I am on a tiny island.

I’m looking at a royal chateau, the home of kings and queens.

One of the world’s most brilliant people is buried in that little chapel.

This wine is really good.

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Here is the same chateau in a closer photo. I had visited it the day before and took the following pictures.

The elegant palace sits high above buildings that include my hotel. The castle is high so the guards could see any large boats that might threaten the king and queen.

The castle wall spans the width of this picture. I’ll take you up and over, but first, notice three landmarks in the above photo. You see the row of flags on the right and the spire of a small chapel behind the flags. On the left, above the top of the wall, are the shrubs and trees of the castle garden.

Let’s go up! Here is the garden, on the right.

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We are high above the river.

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The royal chateau is shown in the photo above. The genius buried in the little chapel…

…is Leonardo da Vinci.

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The famous Italian painter and scientist is buried beside a royal chateau in France.

King Francois I (Francis the First) was a young admirer and friend of Leonardo. When the king was twenty-two, he brought the aging Leonardo to Amboise and housed him in the nearby Chateau du Clos Lucé. Leonardo brought his unfinished Mona Lisa when he moved to France, and it is now in Paris.

The king visited Leonardo very frequently. He had a tunnel built between the two chateaux so he could visit in bad weather. He simply wanted to talk to this amazing genius.

franc3a7ois_1515
King Francis I, at about the time he brought Leonardo da Vinci to France.

Leonardo spent the last three years of his life here, perfecting his inventions. Some are on display at Clos Lucé and, seasonally, at Leonardo da Vinci Park. Leonardo was also an architect, theatrical director and party planner for the king’s court.

The photo of the other chateau, the king’s chateau, brings back memories of a lovely moment. I hope you have many wonderful moments this holiday season and throughout 2018.

On June 1, 2017, I posted about Villandry Chateau.

Happy Holidays!

Boothill Graveyard

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The first graveyard in Tombstone, Arizona, shows the violent side of the Old West. For the second time, Women Writing the West has brought me to Tucson, and Tombstone draws me like a magnet although it is seventy miles away. Last week I went twice. My only visit to this famous cemetery was just before Halloween.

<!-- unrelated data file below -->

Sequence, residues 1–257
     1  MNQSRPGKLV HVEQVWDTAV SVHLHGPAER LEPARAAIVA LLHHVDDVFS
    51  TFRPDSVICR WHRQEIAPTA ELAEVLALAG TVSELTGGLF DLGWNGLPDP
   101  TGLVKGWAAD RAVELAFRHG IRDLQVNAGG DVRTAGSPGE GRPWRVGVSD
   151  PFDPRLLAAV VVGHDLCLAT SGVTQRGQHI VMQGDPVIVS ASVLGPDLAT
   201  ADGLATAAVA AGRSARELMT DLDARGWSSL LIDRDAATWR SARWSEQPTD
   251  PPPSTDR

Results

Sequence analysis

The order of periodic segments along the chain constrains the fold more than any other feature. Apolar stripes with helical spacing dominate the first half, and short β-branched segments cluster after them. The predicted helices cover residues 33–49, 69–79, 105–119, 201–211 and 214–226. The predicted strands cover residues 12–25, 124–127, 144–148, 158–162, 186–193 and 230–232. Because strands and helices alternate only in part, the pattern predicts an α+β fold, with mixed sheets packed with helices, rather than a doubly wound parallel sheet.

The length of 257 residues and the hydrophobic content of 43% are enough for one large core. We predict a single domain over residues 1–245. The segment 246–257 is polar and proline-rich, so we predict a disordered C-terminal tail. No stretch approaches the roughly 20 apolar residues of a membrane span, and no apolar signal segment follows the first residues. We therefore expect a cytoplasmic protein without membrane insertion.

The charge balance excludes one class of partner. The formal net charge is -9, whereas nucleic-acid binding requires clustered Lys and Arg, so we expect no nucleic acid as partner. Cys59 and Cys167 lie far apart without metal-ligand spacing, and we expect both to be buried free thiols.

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Boothill contains those who died in the first years of the silver-mining boomtown of Tombstone. It’s now on the National Register of Historic Places, and visitors are given a pamphlet with details of the dead. Who says historical research is dull?

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Mr. Killeen was shot by Frank Leslie in a disagreement over Killeen’s wife. The recently widowed Mrs. Killeen married her husband’s murderer.

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Three-fingered Jack Dunlap was robbing a train when a guard shot him. Dunlap’s partners in crime left him, and he named them before he died.

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George Johnson did not realize the horse he bought was stolen.

Outlaws and respectable folk, prostitutes and strangers rest in peace. Margarita, a dance hall girl (who probably kept her last name secret), was stabbed by another, who went by the name of Gold Dollar. They had argued about a man.

Victims of diphtheria. Suicides, many of them women. Accidents, including in mines. One well-dressed stranger was found dead in an abandoned shaft.

Many murdered. Death by hanging, legally and illegally.

 

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Outlaws killed in the shooting at the O.K. Corral.

 

Tombstone is the site of the famous gunfight at the O.K. Corral, where Wyatt Earp and his brothers, along with Doc Holliday, killed three outlaws in a gang. They rest here, together. Two were brothers.

They say that those who live by the sword, die by the sword.

I was shaken. I did not find it spooky, only sobering. I’ll leave you with a little graveyard humor. Lester Moore was a Wells Fargo agent and argued with a man over a package. Both died, but I’m sure Moore got the better epitaph.